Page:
Judith is saving to buy a water tank so she can irrigate her crops and is planning to apply for a loan to so she can expand the farm.





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Raising women’s voices in Afghanistan

Last year, we teamed up with the Hilti Foundation and CARE, whose Every Voice Counts programme aims to help Afghan women speak up and be heard by local authorities and decision-makers. What would happen, we wondered, if Hand in Hand combined our business and skills training with CARE’s work helping women advocate for change in areas ranging from gender-based violence to women’s health? Does earning an income – and possessing the skills that entrepreneurship implies – make women more confident to speak up inside and outside the home?

By tracking three cohorts of women over two years – those who receive CARE’s training, those who receive Hand in Hand’s and those who receive both – we plan to find out. So far, the results are promising.

Earlier this year, almost a third of the way through programme, researchers from Global Impact Management Consulting conducted a mid-term review of the project. Already, 44 percent of women who receive both business training and social empowerment training reported having more influence and decision-making power in the home. Perhaps more surprisingly, an almost equal number of women who only receive Hand in Hand’s business training – 38 percent – reported the same. Both numbers are expected to increase as the programme, which also aims to create almost 1,000 new jobs, progresses.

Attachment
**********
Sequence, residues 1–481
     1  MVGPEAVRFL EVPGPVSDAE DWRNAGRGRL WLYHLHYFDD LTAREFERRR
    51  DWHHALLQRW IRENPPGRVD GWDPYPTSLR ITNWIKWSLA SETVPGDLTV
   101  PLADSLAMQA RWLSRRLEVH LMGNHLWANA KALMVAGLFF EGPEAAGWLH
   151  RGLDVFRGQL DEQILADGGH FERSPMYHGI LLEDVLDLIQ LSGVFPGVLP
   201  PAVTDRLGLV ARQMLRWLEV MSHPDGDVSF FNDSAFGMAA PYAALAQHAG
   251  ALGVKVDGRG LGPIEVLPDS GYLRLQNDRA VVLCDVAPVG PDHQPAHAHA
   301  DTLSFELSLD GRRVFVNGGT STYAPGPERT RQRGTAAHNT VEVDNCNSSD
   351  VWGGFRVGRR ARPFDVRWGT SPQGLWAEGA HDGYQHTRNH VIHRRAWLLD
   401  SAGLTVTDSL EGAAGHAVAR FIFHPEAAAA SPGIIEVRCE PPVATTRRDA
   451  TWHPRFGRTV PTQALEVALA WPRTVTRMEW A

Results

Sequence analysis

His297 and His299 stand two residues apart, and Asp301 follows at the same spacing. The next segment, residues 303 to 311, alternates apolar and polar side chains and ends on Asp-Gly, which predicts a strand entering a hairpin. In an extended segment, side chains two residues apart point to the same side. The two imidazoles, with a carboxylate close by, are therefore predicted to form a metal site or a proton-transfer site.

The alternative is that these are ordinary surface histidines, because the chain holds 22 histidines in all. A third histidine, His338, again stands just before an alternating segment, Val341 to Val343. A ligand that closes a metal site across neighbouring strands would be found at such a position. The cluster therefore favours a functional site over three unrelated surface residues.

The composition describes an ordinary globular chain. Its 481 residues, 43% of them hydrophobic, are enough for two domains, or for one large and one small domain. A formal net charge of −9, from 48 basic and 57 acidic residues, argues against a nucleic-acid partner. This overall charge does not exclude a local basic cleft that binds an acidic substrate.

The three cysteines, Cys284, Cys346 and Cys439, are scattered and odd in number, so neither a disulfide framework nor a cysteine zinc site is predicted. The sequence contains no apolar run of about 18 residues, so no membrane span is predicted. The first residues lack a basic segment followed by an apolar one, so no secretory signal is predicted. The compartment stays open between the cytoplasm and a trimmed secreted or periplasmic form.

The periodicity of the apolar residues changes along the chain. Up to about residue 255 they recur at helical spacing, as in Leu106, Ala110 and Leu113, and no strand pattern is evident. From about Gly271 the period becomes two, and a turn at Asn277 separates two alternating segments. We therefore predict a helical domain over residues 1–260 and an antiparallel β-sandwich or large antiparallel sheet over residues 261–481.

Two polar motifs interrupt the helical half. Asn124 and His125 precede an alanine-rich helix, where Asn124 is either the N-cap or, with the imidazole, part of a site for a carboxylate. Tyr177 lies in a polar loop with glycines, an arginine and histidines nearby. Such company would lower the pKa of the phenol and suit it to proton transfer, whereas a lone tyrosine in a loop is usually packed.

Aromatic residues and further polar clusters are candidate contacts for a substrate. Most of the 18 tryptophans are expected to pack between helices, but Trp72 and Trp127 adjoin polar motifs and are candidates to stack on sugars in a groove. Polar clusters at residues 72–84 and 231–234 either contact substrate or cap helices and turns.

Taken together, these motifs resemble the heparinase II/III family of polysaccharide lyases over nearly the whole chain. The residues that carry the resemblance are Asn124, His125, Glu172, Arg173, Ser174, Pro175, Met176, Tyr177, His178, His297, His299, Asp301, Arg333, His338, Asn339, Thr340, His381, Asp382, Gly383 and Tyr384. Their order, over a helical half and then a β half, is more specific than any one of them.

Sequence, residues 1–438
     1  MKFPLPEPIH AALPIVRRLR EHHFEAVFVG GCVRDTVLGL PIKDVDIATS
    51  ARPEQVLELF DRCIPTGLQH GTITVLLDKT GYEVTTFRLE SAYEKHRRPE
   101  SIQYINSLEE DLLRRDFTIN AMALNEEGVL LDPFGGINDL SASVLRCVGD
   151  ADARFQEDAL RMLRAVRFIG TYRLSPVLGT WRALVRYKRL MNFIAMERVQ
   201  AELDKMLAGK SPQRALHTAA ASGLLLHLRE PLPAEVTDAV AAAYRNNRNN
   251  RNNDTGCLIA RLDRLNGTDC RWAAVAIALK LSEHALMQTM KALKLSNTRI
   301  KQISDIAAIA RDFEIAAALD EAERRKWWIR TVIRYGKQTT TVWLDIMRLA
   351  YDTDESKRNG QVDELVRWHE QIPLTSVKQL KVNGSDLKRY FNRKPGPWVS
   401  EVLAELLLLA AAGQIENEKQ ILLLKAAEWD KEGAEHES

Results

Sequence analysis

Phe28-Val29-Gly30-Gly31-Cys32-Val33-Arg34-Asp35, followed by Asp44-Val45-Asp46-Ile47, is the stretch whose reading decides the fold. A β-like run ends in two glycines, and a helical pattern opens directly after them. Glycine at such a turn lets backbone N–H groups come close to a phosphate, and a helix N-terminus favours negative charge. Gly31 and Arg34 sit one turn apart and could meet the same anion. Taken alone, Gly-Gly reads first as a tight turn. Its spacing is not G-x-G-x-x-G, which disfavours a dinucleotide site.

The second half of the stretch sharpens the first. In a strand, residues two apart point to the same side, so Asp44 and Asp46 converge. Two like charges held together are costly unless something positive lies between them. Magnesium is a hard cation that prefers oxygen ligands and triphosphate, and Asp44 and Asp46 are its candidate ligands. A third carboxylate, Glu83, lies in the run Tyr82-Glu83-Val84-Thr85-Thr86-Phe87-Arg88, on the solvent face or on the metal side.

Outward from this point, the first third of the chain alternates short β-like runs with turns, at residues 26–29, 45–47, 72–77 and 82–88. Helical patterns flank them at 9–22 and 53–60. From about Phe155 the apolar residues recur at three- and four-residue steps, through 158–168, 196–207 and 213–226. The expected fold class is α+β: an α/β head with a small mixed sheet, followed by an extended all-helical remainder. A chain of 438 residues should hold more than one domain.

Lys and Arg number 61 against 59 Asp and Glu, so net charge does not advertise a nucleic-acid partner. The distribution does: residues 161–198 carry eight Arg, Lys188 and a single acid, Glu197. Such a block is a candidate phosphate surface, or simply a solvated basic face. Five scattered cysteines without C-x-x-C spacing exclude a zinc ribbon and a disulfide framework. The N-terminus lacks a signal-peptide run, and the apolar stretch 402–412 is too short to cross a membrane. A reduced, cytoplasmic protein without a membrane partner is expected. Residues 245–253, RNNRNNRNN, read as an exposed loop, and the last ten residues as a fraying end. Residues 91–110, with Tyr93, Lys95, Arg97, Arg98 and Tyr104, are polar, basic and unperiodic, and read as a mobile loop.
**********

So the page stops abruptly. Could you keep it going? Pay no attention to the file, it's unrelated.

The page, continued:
44% of women report greater decision-making power at home (so far)

1,000 jobs created by project-end

7,000 lives improved by project-end